The Great Debate: Front Squats vs. Back Squats

Front squats vs. back squats.

Which one is more important?

To help answer this question, we must first discuss the advantages and disadvantages of each.

The Back Squat

The back squat requires the athlete to place the bar on the back of the neck, sitting on the traps. This allows the bar and distribution of the weight to sit in line with the spine, directly over the athlete’s area of base. In this position, the athlete is able to control the barbell more easily, isolating the leg muscles for a more direct application. It can be argued that more strength can be created using the back squat, simply because more weight can be lifted with the back squat than the front squat. This application of force, which falls directly in line with an athlete’s posterior chain, means that the back squat requires more posterior chain recruitment than the front squat. More specifically, the back squat will develop the glutes and hamstrings slightly more than the front squat.

The Front Squat

Inversely, the front squat, with the weight placed on the shoulders in front of the neck, puts a unique forward torque on the body that the athlete must resist. This forward torque requires the athlete to use more quadriceps and core activation in order to keep the bar from falling forward. Therefore, it can be argued that the front squat helps develop the anterior kinetic chain more than that of the back squat. The front squat also helps the athlete prepare for the receiving position of the clean. As these two movements are related, the more repetitions and weight an athlete can front squat correctly, the more likely the athlete is to possess a better receiving position or “catch” in the clean.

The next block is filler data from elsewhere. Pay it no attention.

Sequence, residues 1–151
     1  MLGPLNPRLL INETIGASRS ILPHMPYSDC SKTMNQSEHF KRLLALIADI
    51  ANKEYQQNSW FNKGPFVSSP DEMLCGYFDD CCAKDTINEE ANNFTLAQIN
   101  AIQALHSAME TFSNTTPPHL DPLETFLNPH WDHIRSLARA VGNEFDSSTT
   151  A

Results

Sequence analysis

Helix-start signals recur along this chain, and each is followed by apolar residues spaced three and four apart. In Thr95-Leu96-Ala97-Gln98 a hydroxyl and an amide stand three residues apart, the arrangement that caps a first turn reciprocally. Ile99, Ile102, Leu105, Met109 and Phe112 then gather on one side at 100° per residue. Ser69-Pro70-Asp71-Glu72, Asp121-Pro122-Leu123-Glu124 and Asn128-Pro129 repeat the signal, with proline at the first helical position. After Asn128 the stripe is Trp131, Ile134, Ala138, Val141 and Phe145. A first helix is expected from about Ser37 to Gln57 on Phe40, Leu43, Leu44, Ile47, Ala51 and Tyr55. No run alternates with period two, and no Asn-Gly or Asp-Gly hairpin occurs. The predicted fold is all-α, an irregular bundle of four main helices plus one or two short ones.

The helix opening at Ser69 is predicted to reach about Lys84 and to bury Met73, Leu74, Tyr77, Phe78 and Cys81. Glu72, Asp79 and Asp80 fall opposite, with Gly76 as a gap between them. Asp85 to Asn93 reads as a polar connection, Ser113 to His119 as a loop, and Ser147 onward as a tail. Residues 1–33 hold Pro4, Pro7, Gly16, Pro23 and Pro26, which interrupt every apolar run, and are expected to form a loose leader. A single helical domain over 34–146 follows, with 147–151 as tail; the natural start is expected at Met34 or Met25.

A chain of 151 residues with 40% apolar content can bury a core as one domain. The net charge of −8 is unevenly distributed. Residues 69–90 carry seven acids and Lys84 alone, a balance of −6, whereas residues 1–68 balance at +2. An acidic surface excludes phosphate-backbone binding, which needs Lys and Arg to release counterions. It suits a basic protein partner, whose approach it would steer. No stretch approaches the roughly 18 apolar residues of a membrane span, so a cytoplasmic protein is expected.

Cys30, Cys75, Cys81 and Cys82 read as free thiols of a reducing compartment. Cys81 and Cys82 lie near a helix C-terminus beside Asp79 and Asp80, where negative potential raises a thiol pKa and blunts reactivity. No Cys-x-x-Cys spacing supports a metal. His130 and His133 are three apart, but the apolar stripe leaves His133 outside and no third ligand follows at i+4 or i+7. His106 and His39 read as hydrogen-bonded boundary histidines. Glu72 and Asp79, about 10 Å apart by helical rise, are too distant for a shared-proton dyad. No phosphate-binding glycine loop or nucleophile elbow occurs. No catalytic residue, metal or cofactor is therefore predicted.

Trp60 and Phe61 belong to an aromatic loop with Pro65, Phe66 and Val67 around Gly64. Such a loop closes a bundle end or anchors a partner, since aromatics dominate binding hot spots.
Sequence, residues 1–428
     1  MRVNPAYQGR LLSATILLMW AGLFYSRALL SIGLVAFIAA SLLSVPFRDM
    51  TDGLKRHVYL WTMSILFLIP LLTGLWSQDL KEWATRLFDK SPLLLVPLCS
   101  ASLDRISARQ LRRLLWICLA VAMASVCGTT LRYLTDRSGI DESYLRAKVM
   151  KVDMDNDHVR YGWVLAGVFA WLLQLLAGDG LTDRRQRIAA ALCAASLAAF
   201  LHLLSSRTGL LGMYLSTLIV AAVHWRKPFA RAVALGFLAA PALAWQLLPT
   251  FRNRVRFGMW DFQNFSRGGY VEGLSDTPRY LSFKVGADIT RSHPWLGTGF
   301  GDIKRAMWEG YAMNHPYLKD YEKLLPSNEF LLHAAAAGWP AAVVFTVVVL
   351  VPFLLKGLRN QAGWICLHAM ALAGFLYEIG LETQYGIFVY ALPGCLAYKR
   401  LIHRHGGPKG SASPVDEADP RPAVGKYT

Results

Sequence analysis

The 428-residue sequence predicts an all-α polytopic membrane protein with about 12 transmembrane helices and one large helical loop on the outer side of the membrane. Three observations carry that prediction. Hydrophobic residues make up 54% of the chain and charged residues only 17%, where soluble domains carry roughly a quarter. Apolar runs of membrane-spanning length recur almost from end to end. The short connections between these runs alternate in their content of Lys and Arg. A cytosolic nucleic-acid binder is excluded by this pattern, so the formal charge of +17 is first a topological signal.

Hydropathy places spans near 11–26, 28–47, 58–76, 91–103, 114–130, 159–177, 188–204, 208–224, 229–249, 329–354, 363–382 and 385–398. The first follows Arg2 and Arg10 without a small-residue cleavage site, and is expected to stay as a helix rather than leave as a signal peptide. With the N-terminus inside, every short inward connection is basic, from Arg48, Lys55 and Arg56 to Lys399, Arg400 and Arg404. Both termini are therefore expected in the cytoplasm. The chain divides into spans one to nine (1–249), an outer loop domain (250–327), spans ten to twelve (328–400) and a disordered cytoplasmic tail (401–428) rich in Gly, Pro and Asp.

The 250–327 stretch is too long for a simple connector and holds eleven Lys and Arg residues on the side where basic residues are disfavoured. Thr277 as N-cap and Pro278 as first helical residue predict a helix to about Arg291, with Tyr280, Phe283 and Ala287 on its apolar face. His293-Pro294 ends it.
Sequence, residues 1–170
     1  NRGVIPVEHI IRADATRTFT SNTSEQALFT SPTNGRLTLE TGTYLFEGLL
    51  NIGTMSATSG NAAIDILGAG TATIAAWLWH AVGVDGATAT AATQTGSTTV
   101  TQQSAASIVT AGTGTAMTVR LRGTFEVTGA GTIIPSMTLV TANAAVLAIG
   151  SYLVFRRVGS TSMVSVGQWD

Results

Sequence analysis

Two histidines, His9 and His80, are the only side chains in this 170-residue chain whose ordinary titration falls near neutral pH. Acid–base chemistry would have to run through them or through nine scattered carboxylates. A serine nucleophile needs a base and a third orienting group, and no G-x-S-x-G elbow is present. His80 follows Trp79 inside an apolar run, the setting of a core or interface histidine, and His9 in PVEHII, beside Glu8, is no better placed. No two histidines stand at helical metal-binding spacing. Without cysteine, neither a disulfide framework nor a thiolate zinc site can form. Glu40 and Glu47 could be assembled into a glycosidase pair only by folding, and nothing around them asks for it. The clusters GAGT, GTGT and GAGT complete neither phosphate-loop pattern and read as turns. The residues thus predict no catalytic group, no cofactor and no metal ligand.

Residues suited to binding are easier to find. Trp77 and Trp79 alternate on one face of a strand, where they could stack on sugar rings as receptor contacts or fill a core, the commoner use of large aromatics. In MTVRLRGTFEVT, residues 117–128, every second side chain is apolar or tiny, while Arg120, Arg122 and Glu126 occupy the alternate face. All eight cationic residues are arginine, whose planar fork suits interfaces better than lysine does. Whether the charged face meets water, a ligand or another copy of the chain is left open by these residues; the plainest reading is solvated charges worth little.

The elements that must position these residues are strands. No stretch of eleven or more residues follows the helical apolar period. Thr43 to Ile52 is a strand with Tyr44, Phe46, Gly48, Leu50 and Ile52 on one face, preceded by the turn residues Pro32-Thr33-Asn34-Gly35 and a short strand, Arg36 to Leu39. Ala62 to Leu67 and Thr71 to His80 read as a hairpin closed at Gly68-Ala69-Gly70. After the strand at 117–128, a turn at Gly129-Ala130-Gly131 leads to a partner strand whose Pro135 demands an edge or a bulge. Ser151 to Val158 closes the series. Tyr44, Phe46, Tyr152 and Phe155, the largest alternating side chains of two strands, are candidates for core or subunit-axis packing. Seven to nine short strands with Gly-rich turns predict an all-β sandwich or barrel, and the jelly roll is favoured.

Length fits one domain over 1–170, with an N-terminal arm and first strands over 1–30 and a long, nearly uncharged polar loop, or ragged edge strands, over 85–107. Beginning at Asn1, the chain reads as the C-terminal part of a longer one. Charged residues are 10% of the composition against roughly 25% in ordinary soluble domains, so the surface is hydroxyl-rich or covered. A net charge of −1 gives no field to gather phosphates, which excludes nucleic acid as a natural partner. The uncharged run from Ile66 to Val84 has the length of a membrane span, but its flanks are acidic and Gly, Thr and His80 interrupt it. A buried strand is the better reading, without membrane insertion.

So what’s the verdict?

There is no clear winner here. We all know and have studied that when training, we must train the agonist and antagonist muscles evenly. If one develops significantly more than the other, this imbalance can lead to poor technique or possible injury. When training the legs, one must train them completely. Therefore, solid weightlifting programs that can be adapted to other sports require the use of both the front squat and the back squat in training – with equal importance.